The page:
JOURNALISTS IN FRANCE are facing potential jail sentences in an unprecedented case over their handling of secret documents detailing the country’s involvement in the Yemen conflict.Earlier this week, a reporter from Radio France and the co-founders of Paris-based investigative news organization Disclose were called in for questioning at the offices of the General Directorate for Internal Security, known as the DGSI. The agency is tasked with fighting terrorism, espionage, and other domestic threats, similar in function to the FBI in the United States.The two news organizations published stories in April — together with The Intercept, Mediapart, ARTE Info, and Konbini News — that revealed the vast amount of French, British, and American military equipment sold to Saudi Arabia and the United Arab Emirates, and subsequently used by those nations to wage war in Yemen.
The Transportation Security Administration said it is unlikely to detect and unable to extinguish what an FBI report called “the greatest potential incendiary threat to aviation,” according to a classified document obtained by The Intercept. Yet despite that warning, sources said TSA is not adequately preparing to respond to the threat.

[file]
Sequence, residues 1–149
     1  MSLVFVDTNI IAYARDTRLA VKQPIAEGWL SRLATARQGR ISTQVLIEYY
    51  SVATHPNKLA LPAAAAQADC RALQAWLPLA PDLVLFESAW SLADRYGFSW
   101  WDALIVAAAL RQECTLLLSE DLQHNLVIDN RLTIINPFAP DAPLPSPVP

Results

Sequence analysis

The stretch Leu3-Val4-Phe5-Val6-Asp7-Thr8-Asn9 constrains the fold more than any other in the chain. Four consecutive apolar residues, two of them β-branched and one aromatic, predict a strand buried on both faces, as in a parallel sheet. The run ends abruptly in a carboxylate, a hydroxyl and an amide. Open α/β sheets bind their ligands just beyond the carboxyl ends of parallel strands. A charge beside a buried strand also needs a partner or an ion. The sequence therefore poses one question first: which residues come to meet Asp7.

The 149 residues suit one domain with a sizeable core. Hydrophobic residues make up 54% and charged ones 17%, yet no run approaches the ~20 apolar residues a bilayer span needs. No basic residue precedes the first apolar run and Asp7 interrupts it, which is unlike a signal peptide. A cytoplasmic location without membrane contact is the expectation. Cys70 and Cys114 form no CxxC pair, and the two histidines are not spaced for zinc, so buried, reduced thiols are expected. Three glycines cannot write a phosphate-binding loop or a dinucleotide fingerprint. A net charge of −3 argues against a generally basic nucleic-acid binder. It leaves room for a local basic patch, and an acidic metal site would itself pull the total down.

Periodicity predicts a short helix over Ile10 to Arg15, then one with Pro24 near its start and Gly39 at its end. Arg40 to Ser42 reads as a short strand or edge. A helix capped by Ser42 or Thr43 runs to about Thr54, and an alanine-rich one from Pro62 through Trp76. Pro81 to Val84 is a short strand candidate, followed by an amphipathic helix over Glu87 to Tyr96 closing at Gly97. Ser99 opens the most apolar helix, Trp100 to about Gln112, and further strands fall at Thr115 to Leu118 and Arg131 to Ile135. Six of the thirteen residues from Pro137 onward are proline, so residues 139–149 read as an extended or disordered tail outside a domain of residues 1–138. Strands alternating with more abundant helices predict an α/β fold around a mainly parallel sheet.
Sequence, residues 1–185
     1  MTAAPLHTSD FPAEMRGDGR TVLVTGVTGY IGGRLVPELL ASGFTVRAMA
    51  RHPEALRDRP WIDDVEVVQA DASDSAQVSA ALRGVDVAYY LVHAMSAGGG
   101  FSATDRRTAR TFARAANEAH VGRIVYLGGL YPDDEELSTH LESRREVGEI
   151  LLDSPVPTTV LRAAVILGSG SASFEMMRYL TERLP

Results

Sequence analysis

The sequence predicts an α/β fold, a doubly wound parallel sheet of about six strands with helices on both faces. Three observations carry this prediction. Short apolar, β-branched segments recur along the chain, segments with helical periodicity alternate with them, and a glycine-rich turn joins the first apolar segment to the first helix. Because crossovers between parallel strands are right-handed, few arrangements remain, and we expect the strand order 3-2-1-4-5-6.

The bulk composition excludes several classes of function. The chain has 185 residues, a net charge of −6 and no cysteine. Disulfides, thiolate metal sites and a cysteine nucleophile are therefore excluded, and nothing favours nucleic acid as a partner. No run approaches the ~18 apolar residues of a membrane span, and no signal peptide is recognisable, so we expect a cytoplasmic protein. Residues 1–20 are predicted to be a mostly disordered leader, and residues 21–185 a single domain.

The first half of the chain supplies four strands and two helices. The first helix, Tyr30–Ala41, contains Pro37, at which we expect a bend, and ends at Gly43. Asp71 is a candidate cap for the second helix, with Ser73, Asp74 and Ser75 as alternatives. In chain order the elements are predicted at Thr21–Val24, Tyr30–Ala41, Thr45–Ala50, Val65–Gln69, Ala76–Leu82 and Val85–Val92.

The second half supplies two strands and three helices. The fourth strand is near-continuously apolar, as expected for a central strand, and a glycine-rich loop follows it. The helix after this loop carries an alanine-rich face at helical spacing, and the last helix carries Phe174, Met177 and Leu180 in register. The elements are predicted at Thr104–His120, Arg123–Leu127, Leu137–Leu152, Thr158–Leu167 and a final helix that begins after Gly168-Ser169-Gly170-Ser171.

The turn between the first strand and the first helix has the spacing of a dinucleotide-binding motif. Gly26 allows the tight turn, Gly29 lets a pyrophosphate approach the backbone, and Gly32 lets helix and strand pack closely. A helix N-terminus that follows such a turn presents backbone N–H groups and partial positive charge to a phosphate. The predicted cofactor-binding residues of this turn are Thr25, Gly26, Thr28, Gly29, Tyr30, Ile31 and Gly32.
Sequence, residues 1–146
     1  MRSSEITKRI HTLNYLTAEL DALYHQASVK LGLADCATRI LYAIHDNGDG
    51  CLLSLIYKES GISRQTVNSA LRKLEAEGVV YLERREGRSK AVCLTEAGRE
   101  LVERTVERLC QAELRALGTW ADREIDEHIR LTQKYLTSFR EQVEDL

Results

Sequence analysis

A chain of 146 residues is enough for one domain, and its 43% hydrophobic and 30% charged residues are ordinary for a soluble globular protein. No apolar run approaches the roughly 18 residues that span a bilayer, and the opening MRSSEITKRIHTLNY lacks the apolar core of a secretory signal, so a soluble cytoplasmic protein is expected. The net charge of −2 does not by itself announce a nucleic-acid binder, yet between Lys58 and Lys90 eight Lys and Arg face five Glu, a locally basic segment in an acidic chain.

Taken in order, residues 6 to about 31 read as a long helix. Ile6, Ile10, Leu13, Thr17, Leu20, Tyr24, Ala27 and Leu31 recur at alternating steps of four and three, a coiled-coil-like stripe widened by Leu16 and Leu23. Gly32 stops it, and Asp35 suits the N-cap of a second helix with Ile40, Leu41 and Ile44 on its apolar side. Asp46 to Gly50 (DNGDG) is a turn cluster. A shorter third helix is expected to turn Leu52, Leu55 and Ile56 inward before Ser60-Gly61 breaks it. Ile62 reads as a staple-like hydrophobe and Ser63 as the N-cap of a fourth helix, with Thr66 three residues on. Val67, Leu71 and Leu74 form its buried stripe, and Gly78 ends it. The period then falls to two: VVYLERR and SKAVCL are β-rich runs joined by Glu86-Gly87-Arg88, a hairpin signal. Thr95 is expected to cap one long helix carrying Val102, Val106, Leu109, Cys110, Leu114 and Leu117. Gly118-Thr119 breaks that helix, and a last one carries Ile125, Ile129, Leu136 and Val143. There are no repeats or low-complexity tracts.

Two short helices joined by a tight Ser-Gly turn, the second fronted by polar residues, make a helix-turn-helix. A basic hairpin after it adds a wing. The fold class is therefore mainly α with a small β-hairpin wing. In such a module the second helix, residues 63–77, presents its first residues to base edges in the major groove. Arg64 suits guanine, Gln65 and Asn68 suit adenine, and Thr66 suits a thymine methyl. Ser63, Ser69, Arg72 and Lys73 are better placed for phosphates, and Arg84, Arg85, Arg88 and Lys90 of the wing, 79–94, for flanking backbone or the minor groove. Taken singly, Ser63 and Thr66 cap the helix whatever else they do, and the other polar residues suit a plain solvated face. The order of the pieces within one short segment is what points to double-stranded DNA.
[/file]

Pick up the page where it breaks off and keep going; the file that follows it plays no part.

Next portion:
Thermite — a mixture of rust and aluminum powder — could be used against a commercial aircraft, TSA warned in a Dec. 2014 document, marked secret. “The ignition of a thermite-based incendiary device on an aircraft at altitude could result in catastrophic damage and the death of every person onboard,” the advisory said.
TSA said it is unlikely to spot an easy-to-assemble thermite-based incendiary device during security screening procedures, and the use of currently available extinguishers carried on aircrafts would create a violent reaction. The TSA warning is based on FBI testing done in 2011, and a subsequent report.
A thermite device, though difficult to ignite, would “produce toxic gasses, which can act as nerve poison, as well as a thick black smoke that will significantly inhibit any potential for in-flight safety officers to address the burn.”
TSA warned federal air marshals not to use customary methods of extinguishing fires — the water or halon fire extinguishers currently found on most aircraft — which would make the reaction worse, creating toxic fumes. Instead, air marshals are told to “recognize a thermite ignition” — but TSA has provided no training or guidance on how to do so, according to multiple sources familiar with the issue.